SLPs have traditionally conducted their work through face to face interactions across school, clinic and home settings. This is also the case for many educators and other allied health professionals. Although the advent of distance learning in school settings increasingly had a higher emphasis on STEM and specialized programs, few agencies were using distance learning as a primary or hybrid learning method.
Prior to the pandemic, an estimated 4% of therapists used telehealth. During COVID, the increase went to 70%.
We were all fast tracked to share knowledge, practices and conversation across home-school-clinic. It took us through a roller coaster of cognitive-social-emotional adaptations.
Yet, that ‘talking time’ at school, home and with colleagues created a connectedness. We have shared a lot of mutual experiences. We can relate to one another. And those shared contexts build connectivity with one another.
Some ‘talking topics’ shared among us and through emerging studies:
Knowledge and Preparedness
Many need to be more trained and prepared for remote learning.
Coordination for students, families and staff can help:
- The home-school schedule and availability
- The sequence of activities
- Technology access and skill
- Lesson readiness and collaboration
- Adequate time/space
Programs based on family needs or preferences created a shift in awareness, lesson planning and collaboration among teachers, specialists and families. It requires considerable ongoing flexibility in lesson learning, emotional and social support.
Collaboration. Understanding each other and working together
There are always fluctuations at our schools, homes and clinics.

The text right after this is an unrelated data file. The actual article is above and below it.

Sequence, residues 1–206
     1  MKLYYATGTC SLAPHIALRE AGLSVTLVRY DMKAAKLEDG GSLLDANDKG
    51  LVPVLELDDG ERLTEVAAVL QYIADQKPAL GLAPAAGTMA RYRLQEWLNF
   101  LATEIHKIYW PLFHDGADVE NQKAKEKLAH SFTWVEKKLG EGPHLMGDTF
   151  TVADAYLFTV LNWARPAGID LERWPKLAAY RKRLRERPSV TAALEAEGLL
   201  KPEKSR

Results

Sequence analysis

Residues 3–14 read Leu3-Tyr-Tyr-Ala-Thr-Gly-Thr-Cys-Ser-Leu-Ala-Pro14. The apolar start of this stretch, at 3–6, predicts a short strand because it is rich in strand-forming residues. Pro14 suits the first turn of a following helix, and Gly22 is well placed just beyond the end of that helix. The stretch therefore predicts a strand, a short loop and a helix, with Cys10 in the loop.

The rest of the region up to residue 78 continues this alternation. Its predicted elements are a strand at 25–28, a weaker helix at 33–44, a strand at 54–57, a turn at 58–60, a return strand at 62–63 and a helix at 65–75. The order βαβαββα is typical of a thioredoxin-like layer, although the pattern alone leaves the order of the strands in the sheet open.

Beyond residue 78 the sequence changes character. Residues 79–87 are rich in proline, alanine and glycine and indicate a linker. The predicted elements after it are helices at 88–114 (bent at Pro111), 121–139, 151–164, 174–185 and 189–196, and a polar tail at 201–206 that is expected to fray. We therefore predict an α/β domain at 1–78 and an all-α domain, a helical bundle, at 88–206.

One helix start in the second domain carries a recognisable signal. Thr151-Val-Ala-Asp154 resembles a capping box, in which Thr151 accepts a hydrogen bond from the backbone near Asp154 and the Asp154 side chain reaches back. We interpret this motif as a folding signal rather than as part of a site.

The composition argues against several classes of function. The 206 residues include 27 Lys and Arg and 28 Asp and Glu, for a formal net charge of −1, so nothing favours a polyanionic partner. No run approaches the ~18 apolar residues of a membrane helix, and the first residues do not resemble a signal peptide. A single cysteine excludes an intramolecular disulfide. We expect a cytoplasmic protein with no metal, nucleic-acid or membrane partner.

Sometimes it helps to remind ourselves: We’re in this together to support each other, understand our differences and strive to work through our changing times.
Some of us were able to restructure our work/school/home lives. Others experienced a highly stress-filled time and felt unable to adapt for a variety of reasons. Many parents did not feel equipped to participate in online school lessons and homework. In one survey, approximately half of SLP respondents noted that home-based environments were not conducive for practice.
We have an opportunity to revise our delivery methods with continued efficacy through distance learning. Everyone benefits from efficient use of time.
Families, health and education providers used a variety of methods including synchronous and asynchronous practice/work times that were more convenient, and motivating.
During this time, self-paced learning has grown in interest by educators and students. It continues to require considerable study across neurotypical and neurodivergent populations. Metacognition, learning styles, contexts and strategies have been highly motivating for some but not for others.
Although much research needs to be done in this area, current literature shows equal and in some cases higher success rates within specific populations studied.
Choices: Blended, hybrid and distance
STEM activities increased use of blending tech programs in the classroom. Some schools provided synchronized in-class and home-based live streaming at school while others have chosen asynchronous remote learning when necessary or combined alternately with classroom learning times.
Developing choices that create home/work/practice balance, motivation and learning can be advantageous for many learners.
One of the gifts over the last few years highlights our connectedness with each other through these shared contexts of home-school-clinic. We are all change agents not only within our environments but more and more talking with each other and building our connections.
Learn about our adjunctive tool for your students: at home, at school and in the clinic. Build your talking time connections! Get Puppet Academy today!